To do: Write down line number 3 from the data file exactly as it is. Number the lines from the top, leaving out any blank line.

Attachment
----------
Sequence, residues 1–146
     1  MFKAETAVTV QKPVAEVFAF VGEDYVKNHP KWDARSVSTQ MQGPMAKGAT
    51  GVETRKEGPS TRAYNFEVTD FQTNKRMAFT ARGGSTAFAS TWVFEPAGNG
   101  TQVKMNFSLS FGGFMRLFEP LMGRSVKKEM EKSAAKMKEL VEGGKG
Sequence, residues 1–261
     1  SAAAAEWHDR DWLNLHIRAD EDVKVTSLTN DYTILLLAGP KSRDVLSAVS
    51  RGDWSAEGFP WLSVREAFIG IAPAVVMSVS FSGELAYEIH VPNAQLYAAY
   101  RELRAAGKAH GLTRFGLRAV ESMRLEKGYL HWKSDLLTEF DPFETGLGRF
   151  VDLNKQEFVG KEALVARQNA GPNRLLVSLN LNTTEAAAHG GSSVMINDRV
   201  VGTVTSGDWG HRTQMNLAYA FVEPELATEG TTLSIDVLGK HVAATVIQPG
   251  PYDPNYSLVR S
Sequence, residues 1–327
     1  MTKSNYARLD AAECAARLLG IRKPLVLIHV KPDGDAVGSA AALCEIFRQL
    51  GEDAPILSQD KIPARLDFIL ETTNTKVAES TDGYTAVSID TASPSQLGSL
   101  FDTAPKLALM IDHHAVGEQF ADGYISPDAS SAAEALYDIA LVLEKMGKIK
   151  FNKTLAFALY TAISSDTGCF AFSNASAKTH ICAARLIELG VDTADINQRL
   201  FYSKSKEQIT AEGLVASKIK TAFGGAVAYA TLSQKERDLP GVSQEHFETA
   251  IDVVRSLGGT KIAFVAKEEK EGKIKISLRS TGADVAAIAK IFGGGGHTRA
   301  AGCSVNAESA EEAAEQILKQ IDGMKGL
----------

    51  GVETRKEGPS TRAYNFEVTD FQTNKRMAFT ARGGSTAFAS TWVFEPAGNG